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Marcio Aredes Martins December 10, 1999 23:22

Unstructured Finite Volume Method
I possess the formation in Finite Elements Methods and now I began a study on the Finite Volume Method in triangular meshes. In this study, initially, I have interest in solving the 2D steady-state Laplace equation.

I would be amazed if someone were able to me to indicate a reference that presents with more details the discretization and application of boundary conditions for the Laplace equation, to future CFD aplications.

At once I thank the attention,

Marcio Arêdes Martins, MSc

Chemical Engineering

Doctoral Student - Mechanical Department

Universidade Federal de Minas Gerais - Brazil

John C. Chien December 11, 1999 00:23

Re: Unstructured Finite Volume Method
(1). David Creech has professionally compiled a very complete list of CFD related books, and it can be found in the CFD-online's resources section (/resources/documents/books online/CFD literature). (2). For some, the books are expensive. But I think,you can get your school library to buy the book first. (3). It is always hard to say which book is better for you. The guideline is to briefly go through the book and decide whether it match your background, and don't try to read a book which is above your background. If you read enough books, somewhere along the line, you will get your answer. (for example, to study windows and C++, I have studied over 30 books on my own.) (4). What you need is the direction, and David Creech has made it easier for you. If you are looking for CFD related books, visit David's CFD literature section first.

Morteza Marivani December 15, 1999 04:12

Re: Unstructured Finite Volume Method
you can find some information in following papers:

1. unstructured mesh quality assessment and upwind Euler

solution algorithm validation.

Journal of aircraft

vol 31, No 3, May-June 1994 2. Unsteady Euler aifoil solutions using unstructured dynamic meshes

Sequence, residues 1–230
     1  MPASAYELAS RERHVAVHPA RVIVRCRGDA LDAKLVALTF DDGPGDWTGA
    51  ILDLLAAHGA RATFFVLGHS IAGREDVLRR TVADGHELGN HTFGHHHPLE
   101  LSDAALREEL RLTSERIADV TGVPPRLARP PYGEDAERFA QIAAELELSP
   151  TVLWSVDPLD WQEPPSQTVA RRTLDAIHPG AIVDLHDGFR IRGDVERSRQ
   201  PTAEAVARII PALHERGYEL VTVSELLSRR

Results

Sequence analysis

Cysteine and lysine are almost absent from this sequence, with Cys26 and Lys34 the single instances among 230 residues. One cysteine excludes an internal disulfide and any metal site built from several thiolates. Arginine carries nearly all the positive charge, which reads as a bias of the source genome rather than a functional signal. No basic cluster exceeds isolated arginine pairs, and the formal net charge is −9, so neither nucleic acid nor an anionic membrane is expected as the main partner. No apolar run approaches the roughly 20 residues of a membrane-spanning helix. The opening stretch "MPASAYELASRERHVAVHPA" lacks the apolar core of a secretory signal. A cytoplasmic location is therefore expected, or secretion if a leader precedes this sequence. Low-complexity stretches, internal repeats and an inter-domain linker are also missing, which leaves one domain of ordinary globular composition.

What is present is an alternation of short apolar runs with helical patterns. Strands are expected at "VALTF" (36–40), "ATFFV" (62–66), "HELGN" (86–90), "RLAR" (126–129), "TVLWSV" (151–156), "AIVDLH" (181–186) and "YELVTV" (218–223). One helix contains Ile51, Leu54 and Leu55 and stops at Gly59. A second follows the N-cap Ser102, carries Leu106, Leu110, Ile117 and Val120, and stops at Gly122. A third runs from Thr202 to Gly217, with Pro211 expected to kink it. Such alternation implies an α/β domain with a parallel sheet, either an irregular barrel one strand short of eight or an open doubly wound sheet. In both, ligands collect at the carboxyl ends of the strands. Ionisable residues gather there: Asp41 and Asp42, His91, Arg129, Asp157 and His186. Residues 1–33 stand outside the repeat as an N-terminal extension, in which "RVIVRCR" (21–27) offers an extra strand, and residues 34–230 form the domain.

AIAA,Vol 28, No 8, August 1990 3.Unstructured grid generation and simple triangulation algorithm for arbitrary 2-D geometries using object oriented programming . international journal for numerical methods in enineering, vol 40, 251-268,1997

also ,one of the students od Dr. Karim Mazaheri has done this work exactly. Dr. Karim Mazaheri teaches in the sharif University of technology. Also, there is a paper about this subject, but unfortunately, it is in farsi.

Fabio Saltara January 7, 2000 18:00

Re: Unstructured Finite Volume Method
Try the book "Transferência de calor e mecânica dos fluidos computacional", Clóvis maliska, LTC editora

Marcio Aredes Martins January 7, 2000 21:23

Re: Unstructured Finite Volume Method
Dear Fabio Saltara

I really know the Maliska's book, in fact I made the course of Finite Volume Method in this. In fact two methodologies are presented in this, one using the voronoi diagram associated to the Delaunay triangularization, and other called of CVFEM (Control Volume Finite Element Method) originally formulated by Partankar. The disadvantage of the voronoi diagram is that not always it is possible to build a mesh composed by Delaunay triangles. The method CVFEM is an extension of the voronoi diagram, but it is absent of the ortogonality propertie. It uses the finite element SHAPE FUNCTION for the requested interpolation. A priori, these methods work well. The problem is that, in fact, the triangle is not used in the discretization, but the polygons with the mass centers in the triangle nodes. As consequence, considering a medium value among 5 to 8 faces for each polygon, the numeric integration and the system of algebraic equations becomes more extensive and costly. Some authors reportam although, for high numbers of Peclet in convection problems and diffusion, the mistake associated to the gradients is high, generating instabilities in the solution.

Recent researches showed that the triangle can be used directly in the Finite Volume method, unhappily the formulations were deduced for convective problems. For diffusive problems however, the formulations are not still very available in the literature, reason for which I began this context in this forum.

thank you for the contributions,

Marcio Aredes Martins Mechanical Engineering Department Universidade Federal de Minas Gerais - BRAZIL

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